Author Interviews, Biomarkers, BMJ, Cancer Research, Gastrointestinal Disease / 14.04.2015 Interview with: Professor Hossam Haick Ph.D Department of Chemical Engineering and Russell Berrie Nanotechnology Institute Haifa, Israel Medical Research: What is the background for this study? What are the main findings? Dr. Haick: Our study is based on the hypothesis that timely detection of premalignant lesions (PMLs) may provide a tool to decrease either cancer mortality or incidence, thought, currently, there is no perfect non-invasive tool to screen for gastric cancer (GC) and the related premalignant lesions. Using 1002 samples collected from 501 volunteers, we show for the first time that premalignant lesions (PMLs) relevant to (gastric) cancer result in detectable differences in Volatile Organic Compound (VOC) signatures that can be detected and classified non-invasively through exhaled breath. We show additionally that these¬†premalignant lesions can be well-discriminated from various stages of gastric cancer as well as other background stomach diseases. (more…)
Author Interviews, Biomarkers, Infections / 03.04.2015

Wikipedia Interview with: Amalia Z. Berna CSIRO Food and Nutrition Flagship Acton ACT 2601 MedicalResearch: What is the background for this study? What are the main findings? Response: Globally an estimated 3.2 billion people in 97 countries are at risk of malaria and, in 2013, an estimated 198 million cases and 584,000 deaths were attributed to this infection. Accurate diagnosis of malaria is important to provide adequate treatment, conserve valuable drugs, and help prevent the emergence of resistant strains of the parasite. It is becoming important to be able to diagnose low level and asymptomatic cases, to support the drive towards local and/or global eradication. Detection of volatile chemicals in expired breath has been used to diagnose or monitor a small number of diseases, including Helicobacter pylori infection, diabetes and lung inflammation but, if breath analysis is to be more broadly useful, we need to identify reliable biomarkers for a wider range of diseases and to develop more robust methods for breath analysis. In collaboration with Professor James McCarthy of the QIMR Berghofer Institute and Associate Professor Kevin Saliba of the ANU, we found:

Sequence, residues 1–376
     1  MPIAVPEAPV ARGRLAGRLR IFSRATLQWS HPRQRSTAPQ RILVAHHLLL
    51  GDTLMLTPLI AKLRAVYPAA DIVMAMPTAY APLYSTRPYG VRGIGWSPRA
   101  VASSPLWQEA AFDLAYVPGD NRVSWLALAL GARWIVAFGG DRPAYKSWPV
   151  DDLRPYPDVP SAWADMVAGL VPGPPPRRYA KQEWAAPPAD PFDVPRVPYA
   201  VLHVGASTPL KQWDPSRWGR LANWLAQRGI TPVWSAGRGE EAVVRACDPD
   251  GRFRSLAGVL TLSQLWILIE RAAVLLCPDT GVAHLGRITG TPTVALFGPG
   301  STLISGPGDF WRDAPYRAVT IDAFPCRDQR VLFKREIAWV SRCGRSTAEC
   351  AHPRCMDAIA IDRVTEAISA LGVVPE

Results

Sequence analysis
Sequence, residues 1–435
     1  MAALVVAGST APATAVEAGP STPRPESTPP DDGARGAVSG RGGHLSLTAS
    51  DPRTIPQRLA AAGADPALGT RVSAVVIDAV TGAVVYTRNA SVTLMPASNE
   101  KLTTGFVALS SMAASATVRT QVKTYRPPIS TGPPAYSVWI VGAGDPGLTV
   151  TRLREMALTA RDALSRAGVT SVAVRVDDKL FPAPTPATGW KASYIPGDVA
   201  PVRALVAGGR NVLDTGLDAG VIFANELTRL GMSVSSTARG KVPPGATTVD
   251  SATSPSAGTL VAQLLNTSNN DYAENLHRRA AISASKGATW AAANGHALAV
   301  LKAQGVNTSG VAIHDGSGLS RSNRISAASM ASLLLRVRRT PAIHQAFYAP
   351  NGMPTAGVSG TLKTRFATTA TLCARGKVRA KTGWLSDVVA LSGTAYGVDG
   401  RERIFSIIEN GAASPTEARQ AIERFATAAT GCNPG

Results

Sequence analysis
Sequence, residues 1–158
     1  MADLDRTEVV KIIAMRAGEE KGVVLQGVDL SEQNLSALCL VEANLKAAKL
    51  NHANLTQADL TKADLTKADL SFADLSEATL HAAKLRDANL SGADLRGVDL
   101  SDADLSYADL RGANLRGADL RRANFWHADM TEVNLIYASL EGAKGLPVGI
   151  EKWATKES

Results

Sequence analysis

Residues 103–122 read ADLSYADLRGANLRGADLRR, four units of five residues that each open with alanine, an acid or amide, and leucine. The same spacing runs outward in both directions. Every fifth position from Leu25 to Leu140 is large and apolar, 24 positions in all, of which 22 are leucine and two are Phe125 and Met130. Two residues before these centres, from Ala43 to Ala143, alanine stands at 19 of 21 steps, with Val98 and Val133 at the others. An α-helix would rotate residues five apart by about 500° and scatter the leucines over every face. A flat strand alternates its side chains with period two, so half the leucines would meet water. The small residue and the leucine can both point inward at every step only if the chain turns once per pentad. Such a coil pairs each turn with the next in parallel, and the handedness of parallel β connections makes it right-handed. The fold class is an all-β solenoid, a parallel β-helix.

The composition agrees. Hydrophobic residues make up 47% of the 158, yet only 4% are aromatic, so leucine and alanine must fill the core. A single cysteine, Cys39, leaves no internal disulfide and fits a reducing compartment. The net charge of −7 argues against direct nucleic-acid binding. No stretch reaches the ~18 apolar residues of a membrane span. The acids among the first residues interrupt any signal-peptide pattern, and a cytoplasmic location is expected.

1. Four specific thioether biomarkers in the breath of volunteers with experimentally induced blood stage Plasmodium falciparum
  2. That the levels of the volatiles strongly correlate with the levels of malaria parasitaemia.
  3. That the thioethers are not produced by in vitro cultures of falciparum.
  4. That although we do not know the metabolic origin of the thioethers, our results suggest that interplay between host and parasite metabolic pathways is involved in their production.
We think it is important to emphasise that no volunteer was infected with malaria primarily for the purpose of this study. Our research was entirely piggy-backed on pre-existing trials of malaria therapeutics. (more…)
CHEST, Lung Cancer / 21.10.2014

Peter J. Mazzone, MD, FCCP MPH Director of the Lung Cancer Program for the Respiratory Institute Cleveland Interview with: Peter J. Mazzone, MD, FCCP MPH Director of the Lung Cancer Program for the Respiratory Institute Cleveland Clinic Medical Research: What are the main findings of this study? Dr. Mazzone: ¬† There were 2 parts to this study. In the first part we looked at how the breath collection instrument and sensor were performing and made adjustments to both in order to optimize its performance. In the second part we used the improved device and sensor to see if we could accurately separate a sensor signal of our patients with lung cancer from those without lung cancer. We found good separation of lung cancer from non-cancer breath signals, and very good separation of signals of one type of lung cancer from another. We have concluded that a colorimetric sensor array based breath test is capable of separating those with lung cancer from those without. (more…)